McDonald adopts 'beast mode' routine for 2011


McDonald adopts 'beast mode' routine for 2011

By MaureenMullen

FORT MYERS, Fla. Darnell McDonald has one phrase he consistently uses to describe the 2010 season: It was a dream come true.

Apart from the deluge of injuries that swamped the Red Sox season, leaving them in third place in the American League East, out of the playoffs for just the second time since 2002, that is.

But for the No. 1 draft pick of the Orioles in 1997 who had worn the unwelcome label of career minor leaguer before 2010, last season was every bit a players dream. Appearing in 117 games for the Red Sox, he nearly doubled the previous total in his career. There was also his first plate appearance in a Red Sox uniform, an eighth-inning, pinch-hit, game-tying home run April 20 against the Rangers, which he followed up an inning later with a walk-off single, for his first career game-winning hit. For good measure, he homered in the next game, too.

It was all that and more than I expected," he said.

But, its time to move on.

Last season is over," he said. It was good but Im looking forward to 2011. Ive never been this excited for the start of the season. You can just feel the energy, the focus, from day in one in camp this year. I think everyone has moved on, including myself, from last year and looking more toward this year.

The player who joined the Red Sox as a virtual unknown last year, is now being counted on to be one of the vital pieces.

Last year we really didnt know what to expect from him, said manager Terry Francona. Now, he comes in and hes a pretty important part of our team.

McDonald knows what will be expected of him this season. The versatility he demonstrated last season will be essential again this season. He is the only Sox player ever with at least nine home runs, nine stolen bases, nine outfield assists, and more than nine sacrifices in a season. The only American Leaguer in 2010 to appear in at least 30 games and start at least 10 games in all three outfield positions, hell be called on to backup starters Carl Crawford, Jacoby Ellsbury, and J.D. Drew. Hitting .294 against lefties (.247 against righties) and an AL-best .429 as a pinch-hitter, hell be pinch-hitting at times. With 9 stolen bases in 10 attempts last year, hell be pinch-running when needed.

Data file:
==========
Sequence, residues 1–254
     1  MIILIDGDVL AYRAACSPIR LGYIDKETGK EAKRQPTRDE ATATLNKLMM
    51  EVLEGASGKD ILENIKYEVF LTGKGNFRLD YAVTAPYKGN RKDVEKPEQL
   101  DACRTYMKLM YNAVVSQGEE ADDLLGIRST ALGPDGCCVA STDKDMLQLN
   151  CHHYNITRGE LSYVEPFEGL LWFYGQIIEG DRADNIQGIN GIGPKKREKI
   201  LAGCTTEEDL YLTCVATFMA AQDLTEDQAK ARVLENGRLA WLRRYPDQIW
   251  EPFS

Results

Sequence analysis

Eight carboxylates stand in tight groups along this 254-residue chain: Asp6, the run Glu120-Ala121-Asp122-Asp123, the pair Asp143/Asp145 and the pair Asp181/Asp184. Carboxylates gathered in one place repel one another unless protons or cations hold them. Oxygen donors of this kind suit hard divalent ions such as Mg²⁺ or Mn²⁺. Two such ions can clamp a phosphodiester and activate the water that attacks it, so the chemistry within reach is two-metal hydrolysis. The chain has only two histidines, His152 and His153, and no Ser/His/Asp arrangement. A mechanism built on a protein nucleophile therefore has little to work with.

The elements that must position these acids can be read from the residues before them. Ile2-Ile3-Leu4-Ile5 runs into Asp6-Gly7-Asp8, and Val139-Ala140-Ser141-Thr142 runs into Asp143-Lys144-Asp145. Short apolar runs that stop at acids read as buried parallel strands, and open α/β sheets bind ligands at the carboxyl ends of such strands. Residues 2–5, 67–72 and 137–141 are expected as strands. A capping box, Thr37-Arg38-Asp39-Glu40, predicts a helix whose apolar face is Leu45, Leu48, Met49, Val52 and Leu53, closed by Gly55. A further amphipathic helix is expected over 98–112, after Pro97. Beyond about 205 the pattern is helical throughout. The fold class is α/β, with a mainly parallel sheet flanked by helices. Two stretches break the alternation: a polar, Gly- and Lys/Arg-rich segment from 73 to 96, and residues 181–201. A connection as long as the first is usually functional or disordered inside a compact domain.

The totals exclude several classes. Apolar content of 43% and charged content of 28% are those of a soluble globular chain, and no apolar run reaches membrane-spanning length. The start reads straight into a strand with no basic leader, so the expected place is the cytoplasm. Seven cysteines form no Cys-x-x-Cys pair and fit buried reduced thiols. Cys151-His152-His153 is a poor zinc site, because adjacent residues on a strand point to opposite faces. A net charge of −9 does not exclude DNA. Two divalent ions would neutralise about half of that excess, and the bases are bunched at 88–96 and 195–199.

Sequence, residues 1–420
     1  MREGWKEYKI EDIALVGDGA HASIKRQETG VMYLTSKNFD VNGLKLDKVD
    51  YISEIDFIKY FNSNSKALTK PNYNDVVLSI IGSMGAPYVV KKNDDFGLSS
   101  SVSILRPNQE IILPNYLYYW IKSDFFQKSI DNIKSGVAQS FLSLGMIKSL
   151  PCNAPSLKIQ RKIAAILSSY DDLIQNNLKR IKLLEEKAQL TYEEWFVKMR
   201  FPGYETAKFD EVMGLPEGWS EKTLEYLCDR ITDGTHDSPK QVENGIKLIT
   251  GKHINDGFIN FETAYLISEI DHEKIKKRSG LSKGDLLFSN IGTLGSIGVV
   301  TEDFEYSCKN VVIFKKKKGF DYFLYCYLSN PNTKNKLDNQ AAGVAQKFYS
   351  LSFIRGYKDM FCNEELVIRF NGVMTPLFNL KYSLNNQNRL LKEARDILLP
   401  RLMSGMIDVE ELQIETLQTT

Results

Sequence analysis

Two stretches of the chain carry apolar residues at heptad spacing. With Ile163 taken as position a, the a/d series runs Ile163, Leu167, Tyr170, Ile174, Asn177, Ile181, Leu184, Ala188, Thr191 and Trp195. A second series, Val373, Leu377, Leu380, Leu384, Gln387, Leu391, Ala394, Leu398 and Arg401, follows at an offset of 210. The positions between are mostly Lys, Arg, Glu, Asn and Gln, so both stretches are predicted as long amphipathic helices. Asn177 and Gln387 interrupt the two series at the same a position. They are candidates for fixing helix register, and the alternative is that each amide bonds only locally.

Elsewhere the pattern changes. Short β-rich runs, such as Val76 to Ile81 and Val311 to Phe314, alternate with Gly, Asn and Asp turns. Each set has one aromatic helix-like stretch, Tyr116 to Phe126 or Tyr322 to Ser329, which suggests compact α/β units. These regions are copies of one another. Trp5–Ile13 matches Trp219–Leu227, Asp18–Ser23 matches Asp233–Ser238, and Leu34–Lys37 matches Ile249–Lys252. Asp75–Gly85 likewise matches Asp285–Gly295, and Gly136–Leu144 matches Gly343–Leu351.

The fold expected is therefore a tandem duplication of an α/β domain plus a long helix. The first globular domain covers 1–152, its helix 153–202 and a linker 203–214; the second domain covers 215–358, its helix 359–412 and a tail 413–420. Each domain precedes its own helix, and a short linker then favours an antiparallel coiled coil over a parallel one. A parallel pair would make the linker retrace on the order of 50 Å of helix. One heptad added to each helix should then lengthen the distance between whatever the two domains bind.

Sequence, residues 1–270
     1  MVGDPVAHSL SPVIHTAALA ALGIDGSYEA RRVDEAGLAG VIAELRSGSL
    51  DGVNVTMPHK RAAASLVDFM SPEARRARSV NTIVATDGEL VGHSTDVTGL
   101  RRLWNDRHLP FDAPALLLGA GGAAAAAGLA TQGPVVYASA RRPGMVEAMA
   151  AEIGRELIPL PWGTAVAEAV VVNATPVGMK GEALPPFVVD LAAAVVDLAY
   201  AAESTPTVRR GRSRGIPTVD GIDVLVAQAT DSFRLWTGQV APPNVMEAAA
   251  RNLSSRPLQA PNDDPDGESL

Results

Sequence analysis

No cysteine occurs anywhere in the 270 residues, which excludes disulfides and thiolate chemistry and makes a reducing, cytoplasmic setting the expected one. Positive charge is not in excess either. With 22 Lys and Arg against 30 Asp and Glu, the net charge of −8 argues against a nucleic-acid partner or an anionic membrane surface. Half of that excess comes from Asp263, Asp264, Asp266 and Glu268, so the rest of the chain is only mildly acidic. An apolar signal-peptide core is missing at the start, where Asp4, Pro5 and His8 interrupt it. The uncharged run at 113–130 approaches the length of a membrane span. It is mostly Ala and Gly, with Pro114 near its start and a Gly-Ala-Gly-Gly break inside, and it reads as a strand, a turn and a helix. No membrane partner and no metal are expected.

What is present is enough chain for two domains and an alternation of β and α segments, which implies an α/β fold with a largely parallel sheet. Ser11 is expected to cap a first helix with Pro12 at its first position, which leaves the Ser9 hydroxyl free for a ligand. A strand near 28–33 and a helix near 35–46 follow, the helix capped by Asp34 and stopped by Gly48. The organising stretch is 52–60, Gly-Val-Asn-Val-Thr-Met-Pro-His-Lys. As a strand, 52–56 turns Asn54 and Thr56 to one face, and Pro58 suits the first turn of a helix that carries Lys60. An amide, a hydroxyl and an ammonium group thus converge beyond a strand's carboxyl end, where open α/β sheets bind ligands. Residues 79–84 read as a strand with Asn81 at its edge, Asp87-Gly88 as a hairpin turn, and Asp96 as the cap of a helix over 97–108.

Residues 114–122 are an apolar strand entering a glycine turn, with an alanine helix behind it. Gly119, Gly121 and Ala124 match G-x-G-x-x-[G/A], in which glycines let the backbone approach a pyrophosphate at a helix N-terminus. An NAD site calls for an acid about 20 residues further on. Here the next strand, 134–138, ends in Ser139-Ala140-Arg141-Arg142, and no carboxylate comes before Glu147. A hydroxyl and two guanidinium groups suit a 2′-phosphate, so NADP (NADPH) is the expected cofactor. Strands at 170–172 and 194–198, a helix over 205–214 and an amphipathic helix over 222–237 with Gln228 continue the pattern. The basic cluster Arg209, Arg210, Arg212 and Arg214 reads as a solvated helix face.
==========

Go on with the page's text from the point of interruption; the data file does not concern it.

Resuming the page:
Which is why he entered beast mode during the offseason.

Knowing what would be asked of him, McDonald hit the track. Working out at Arizona State University with the Dodgers Matt Kemp, former infielder Junior Spivey (who was with Pawtucket in 2007), a former roommate who ran at Michigan State, and several track athletes, McDonald began grueling track workouts at the beginning of the year. He went to the track five days a week for about six weeks before reporting to spring training.

This was my first time we were out there with people that actually run professionally, McDonald said. It was some killer workouts. We called it beast mode because every day we had to get into that beast mode. It was fun. I think that was the fastest way to get in shape because I dont think you ever see an out-of-shape track athlete. So it was humbling because you dont know what type shape youre in until you get out there on the track. But it was good for me, and hopefully Ill be able to translate that onto the baseball field.

The workouts also included runs up A Mountain, the iconic mount on the campus of ASU.

A Mountain will take your pride from you, McDonald said. We were running up that. We had to do it three times consecutively. Those track guys were doing it under a minute. One guy did it in 47 seconds. But my goal was just to do it without stopping. I did it. I did it. I accomplished my goal.

McDonald said he notices a difference in both his quickness and his endurance. Asked how his speed now compares to that of Carl Crawfords or Jacoby Ellsburys, McDonald let out a hearty laugh.

I dont think theres going to be any races, he said. But hopefully Ill be able to steal a few extra bases and score a few more runs.

Hes been watching Crawford and Ellsbury and picking their brains, along with that of Tom Goodwin, the organizations outfield and baserunning coordinator. Goodwin had 369 stolen bases, including four seasons with more than 50 steals, in his 14-season career.